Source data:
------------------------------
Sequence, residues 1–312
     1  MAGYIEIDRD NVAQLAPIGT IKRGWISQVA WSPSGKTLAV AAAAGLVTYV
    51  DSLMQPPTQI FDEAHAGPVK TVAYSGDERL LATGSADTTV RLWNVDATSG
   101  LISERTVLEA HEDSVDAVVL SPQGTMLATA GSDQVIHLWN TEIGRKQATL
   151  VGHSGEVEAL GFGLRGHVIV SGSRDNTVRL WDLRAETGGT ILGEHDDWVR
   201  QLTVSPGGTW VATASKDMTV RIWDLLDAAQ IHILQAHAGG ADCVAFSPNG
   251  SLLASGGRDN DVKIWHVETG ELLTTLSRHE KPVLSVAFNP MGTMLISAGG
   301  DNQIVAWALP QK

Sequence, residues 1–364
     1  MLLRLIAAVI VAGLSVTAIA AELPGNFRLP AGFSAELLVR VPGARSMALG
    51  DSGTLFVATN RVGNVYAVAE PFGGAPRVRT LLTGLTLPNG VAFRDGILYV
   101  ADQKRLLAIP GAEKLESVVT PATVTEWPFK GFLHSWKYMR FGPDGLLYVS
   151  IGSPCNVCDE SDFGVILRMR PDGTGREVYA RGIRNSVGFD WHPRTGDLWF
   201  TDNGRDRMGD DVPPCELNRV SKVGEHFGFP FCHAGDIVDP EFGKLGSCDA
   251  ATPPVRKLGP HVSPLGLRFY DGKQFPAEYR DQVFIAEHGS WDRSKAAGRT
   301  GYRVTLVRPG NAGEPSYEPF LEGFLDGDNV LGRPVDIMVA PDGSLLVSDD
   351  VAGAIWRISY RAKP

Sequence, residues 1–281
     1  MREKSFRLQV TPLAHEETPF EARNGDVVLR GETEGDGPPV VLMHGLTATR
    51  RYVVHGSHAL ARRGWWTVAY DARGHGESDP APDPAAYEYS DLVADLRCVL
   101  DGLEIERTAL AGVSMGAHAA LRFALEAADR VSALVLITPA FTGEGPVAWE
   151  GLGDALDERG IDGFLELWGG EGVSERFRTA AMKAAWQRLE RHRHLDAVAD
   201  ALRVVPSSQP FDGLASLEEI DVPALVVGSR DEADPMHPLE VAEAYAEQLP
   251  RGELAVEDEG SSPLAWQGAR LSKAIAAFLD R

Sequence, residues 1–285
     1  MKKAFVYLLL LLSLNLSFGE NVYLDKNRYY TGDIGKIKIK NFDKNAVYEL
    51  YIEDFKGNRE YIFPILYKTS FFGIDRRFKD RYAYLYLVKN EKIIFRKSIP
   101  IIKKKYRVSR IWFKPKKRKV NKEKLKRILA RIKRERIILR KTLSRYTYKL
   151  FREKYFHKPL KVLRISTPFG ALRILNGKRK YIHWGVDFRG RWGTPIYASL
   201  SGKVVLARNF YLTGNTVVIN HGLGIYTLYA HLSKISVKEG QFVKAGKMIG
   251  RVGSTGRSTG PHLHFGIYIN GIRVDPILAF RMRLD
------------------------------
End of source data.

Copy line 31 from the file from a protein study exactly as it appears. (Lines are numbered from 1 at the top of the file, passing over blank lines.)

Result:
   251  RVGSTGRSTG PHLHFGIYIN GIRVDPILAF RMRLD